The Example of France; Two Essays on the Payment of the Indemnity, and the Management of the Currency Since the German War, 1870-'74

The Example of France; Two Essays on the Payment of the Indemnity, and the Management of the Currency Since the German War, 1870-'74

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This historic book may have numerous typos and missing text. Purchasers can download a free scanned copy of the original book (without typos) from the publisher. Not indexed. Not illustrated. 1876 edition. Excerpt: ... be continued after the debt to the Bank is paid, or, at least, an annual reduction made of 150,000,000. Can we do it 2 We made a great mistake in our mode of borrowing the 5,000, -000,000 francs to pay the indemnity; we ought to have created terminable annuities, to be paid off at shorter and longer dates. In this way, the reduction of the debt would have been compulsory, and not open to discussion. Having chosen to borrow in the form of a perpetual rente, the reduction of the debt is now merely optional. After the debt to the Bank is paid, many peopie will be unwilling to go on reducing, and will argue that it is better to diminish taxes than to provide for paying off a debt which nobody thinks about, and which is, after all, easily enough carried. If this language comes to prevail, it will seriously injure our credit; for a reduction of debt has the double advantage of diminishing the burdens of the future, and improving credit in the present. In this matter, America offers a remarkable example; it has a large debt, as we know, but it devotes a very considerable sum, every year, to its reduction. The result is, that America is now able to borrow at 5 per cent., while a few years ago, before the War of Secession, loans would not have been made to that country at less than 7 or 8 per cent. If we could only be certain, in this country, that the debt to the Bank of France would inevitably be paid within the prescribed time, at the rate of 200,000,000 francs a year; and that afterward we should resolutely apply a sum of 150,000,000 annually to the further reduction of our indebtedness, our credit would experience an immediate, and perhaps very important, advance. Suppose the advantage gained were 1 per cent; 1 per cent., applied to transactions..show more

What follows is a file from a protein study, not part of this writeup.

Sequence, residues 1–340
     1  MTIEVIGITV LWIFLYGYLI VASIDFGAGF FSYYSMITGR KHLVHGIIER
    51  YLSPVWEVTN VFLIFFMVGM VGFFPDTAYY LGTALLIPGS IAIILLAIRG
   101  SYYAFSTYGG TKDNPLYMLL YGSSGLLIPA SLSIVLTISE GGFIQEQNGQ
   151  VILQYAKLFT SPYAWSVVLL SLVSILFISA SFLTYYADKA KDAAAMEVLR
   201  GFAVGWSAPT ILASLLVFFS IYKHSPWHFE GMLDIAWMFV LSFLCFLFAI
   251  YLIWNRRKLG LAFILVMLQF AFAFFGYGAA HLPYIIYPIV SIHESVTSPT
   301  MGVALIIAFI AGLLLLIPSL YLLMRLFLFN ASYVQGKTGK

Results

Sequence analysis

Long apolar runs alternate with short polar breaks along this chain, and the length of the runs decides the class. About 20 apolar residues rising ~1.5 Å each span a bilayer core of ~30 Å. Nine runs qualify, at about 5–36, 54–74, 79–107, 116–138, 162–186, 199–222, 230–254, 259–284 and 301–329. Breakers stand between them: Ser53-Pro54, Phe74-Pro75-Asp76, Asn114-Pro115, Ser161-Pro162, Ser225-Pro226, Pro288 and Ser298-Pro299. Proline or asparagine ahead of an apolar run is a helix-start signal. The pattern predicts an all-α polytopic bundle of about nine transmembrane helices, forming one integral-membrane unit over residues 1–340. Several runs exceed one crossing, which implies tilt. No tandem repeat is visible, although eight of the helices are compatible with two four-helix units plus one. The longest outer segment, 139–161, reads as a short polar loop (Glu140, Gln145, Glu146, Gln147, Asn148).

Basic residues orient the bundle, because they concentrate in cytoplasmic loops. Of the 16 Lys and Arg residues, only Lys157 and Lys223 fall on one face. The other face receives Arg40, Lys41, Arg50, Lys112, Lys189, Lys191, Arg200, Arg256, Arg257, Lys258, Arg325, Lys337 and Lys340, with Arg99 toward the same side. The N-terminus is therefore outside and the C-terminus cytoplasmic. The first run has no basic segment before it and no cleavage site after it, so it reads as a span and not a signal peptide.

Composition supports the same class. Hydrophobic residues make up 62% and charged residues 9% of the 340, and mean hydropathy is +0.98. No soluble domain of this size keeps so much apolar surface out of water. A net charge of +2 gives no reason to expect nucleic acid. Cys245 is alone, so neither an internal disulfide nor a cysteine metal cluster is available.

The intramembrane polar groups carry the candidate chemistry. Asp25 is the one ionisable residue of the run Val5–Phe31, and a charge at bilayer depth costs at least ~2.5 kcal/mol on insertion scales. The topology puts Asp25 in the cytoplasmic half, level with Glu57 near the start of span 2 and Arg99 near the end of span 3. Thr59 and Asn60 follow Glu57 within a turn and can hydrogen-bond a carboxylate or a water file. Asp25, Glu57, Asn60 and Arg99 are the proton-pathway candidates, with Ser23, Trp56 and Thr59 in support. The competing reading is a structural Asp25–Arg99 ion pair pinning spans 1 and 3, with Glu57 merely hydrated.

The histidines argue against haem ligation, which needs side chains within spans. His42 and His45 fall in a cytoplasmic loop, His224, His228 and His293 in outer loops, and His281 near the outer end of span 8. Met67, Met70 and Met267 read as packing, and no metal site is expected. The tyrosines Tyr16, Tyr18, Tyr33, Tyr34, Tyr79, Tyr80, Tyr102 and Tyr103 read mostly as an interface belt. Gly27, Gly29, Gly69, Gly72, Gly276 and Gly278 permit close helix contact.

Product details

  • Paperback | 26 pages
  • 189 x 246 x 1mm | 68g
  • Rarebooksclub.com
  • Miami Fl, United States
  • English
  • black & white illustrations
  • 1236665864
  • 9781236665867